In the beginning a driver earns a Learner Driver licence that is subject to a set of restrictions that mandates the presence of an instructor and sets passenger restrictions to reduce the possibility of distractions. There are hours of the day restrictions as well, although midnight to 5:00 am is probably a time when most of them are sound asleep by personal choice.
After a year of practice with a supervisor and passing a road test the GLP Learner becomes a Novice and restrictions are relaxed in comparison to the Learner. A passenger restriction of one person applies unless the Novice is accompanied by an instructor.
After passing another road test, the successful Novice will be issued a full privilege driver’s licence. Of course, any driver may be the subject of restrictions if there is a need for them. Examples of these restrictions include such things a the requirement to wear corrective lenses or to be fitted with a prosthesis or leg brace. This document lists the possible restrictions on page 115.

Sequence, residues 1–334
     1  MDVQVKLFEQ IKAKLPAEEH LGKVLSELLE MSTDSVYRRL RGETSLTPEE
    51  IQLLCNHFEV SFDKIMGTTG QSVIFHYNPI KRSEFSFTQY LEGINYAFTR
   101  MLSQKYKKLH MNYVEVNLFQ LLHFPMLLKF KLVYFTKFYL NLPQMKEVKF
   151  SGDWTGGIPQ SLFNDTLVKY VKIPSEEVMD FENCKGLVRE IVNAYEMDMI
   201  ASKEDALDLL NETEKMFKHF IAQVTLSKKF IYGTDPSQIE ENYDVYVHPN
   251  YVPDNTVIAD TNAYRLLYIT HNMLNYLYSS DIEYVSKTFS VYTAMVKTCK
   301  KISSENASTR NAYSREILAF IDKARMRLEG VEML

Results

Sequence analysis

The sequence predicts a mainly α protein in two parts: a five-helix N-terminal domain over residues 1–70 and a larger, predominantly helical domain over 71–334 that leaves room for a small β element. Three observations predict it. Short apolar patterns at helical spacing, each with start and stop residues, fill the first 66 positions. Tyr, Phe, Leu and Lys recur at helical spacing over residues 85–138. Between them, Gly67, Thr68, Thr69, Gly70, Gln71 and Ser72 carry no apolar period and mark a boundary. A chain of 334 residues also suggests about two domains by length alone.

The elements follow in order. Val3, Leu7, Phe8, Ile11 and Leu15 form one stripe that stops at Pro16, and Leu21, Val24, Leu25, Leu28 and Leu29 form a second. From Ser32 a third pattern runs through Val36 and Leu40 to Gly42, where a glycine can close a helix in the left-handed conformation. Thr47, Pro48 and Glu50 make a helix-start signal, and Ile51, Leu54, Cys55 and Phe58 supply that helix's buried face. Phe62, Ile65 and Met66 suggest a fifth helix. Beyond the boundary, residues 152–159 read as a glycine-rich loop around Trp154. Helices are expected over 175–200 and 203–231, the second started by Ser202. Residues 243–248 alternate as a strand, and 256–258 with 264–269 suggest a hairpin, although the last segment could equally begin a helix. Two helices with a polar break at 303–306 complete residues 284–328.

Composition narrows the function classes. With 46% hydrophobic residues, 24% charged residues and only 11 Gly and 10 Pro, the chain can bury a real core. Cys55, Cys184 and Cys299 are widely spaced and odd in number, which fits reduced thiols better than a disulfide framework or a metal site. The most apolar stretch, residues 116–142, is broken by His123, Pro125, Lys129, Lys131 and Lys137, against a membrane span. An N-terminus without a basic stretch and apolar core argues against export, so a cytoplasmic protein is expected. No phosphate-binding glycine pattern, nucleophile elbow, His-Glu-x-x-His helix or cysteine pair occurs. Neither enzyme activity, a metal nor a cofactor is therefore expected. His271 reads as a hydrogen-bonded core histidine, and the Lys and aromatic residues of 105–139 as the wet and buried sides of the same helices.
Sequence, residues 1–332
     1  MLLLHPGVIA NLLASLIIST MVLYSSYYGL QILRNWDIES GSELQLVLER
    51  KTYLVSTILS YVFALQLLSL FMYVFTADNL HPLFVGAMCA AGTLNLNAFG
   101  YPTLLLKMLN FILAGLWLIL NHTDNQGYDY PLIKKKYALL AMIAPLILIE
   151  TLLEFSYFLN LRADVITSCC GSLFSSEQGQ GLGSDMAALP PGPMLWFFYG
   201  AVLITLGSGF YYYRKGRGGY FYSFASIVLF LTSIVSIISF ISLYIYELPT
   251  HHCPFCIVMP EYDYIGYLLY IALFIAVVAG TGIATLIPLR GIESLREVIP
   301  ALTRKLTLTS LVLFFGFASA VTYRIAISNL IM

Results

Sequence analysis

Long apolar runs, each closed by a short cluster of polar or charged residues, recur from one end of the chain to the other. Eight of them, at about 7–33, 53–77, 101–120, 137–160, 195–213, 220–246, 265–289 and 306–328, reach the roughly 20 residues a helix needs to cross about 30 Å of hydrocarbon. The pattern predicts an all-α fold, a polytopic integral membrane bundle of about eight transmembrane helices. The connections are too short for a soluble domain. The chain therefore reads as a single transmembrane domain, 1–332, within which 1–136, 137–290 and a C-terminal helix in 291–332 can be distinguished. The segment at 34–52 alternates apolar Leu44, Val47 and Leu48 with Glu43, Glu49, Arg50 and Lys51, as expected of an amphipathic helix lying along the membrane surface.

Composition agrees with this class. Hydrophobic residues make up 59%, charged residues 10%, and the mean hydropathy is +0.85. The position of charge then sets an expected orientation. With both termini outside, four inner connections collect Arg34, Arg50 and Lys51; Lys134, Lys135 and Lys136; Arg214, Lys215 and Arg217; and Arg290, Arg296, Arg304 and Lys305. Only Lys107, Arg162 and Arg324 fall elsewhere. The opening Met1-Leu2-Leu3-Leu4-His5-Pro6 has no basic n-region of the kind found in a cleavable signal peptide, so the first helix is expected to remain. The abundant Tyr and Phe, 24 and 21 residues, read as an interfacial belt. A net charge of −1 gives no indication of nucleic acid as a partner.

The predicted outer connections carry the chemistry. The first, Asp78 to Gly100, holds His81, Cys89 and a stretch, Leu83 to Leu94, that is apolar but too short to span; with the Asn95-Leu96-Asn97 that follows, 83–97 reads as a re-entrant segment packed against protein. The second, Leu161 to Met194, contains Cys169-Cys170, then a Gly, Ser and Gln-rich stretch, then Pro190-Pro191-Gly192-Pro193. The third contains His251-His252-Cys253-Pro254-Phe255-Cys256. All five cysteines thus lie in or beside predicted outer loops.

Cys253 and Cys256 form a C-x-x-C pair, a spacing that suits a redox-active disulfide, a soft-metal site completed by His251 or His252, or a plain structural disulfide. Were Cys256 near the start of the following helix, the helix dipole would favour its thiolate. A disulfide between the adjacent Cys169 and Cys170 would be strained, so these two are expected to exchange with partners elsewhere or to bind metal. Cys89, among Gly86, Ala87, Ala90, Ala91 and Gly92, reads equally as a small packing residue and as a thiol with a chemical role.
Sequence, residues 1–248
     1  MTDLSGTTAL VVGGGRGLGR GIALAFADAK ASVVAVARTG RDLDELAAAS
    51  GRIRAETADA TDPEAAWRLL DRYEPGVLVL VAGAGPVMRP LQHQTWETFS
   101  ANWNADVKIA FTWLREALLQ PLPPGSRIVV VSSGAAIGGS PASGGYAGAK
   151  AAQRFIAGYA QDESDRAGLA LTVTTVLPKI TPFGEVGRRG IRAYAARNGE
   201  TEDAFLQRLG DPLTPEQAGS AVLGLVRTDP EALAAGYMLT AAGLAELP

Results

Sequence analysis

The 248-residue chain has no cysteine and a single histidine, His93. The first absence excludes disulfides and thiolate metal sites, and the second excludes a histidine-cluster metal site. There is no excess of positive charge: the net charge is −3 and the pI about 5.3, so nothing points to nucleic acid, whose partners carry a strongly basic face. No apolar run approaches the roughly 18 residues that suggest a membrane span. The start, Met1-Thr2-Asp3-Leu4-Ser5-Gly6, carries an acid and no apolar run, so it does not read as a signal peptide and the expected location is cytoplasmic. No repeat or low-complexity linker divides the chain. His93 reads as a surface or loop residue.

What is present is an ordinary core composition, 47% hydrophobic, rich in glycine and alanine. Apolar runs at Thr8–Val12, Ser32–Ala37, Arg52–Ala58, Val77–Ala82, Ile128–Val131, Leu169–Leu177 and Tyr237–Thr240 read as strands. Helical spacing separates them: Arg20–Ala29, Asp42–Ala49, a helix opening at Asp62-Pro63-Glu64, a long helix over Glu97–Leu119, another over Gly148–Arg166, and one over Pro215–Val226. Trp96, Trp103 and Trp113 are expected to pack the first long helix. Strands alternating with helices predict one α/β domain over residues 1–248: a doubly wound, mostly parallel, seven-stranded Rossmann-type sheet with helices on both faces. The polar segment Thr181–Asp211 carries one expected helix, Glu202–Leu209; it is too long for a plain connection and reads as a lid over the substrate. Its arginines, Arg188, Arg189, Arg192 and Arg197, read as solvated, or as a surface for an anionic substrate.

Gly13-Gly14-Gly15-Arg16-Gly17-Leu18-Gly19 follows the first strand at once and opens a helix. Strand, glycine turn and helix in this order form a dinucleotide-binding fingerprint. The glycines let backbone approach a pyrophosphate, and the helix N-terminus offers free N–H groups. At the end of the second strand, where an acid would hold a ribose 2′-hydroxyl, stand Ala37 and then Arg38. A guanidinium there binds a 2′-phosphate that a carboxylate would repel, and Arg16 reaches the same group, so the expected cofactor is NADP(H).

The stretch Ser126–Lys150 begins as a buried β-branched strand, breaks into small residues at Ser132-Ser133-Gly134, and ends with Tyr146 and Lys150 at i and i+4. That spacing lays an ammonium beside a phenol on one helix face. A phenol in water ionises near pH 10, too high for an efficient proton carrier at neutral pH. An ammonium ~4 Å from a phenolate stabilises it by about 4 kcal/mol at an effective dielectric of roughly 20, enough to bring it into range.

At the onset of the GLP program new drivers who disobeyed any of the restrictions were ticketed under section 25(15) of the Motor Vehicle Act. A conviction carried both a fine and penalty points.
As new drivers are subject to lower thresholds for prohibition from accumulated penalty points there was soon a large number of new drivers who had lost their licences for failing to display new driver signs. The solution was to implement division 30.13 and later division 30.10 in the Motor Vehicle Act Regulations which did not result in penalty points for failing to display, only fines.
Police were encouraged to use the new regulation for driver sign violators instead of section 25(15).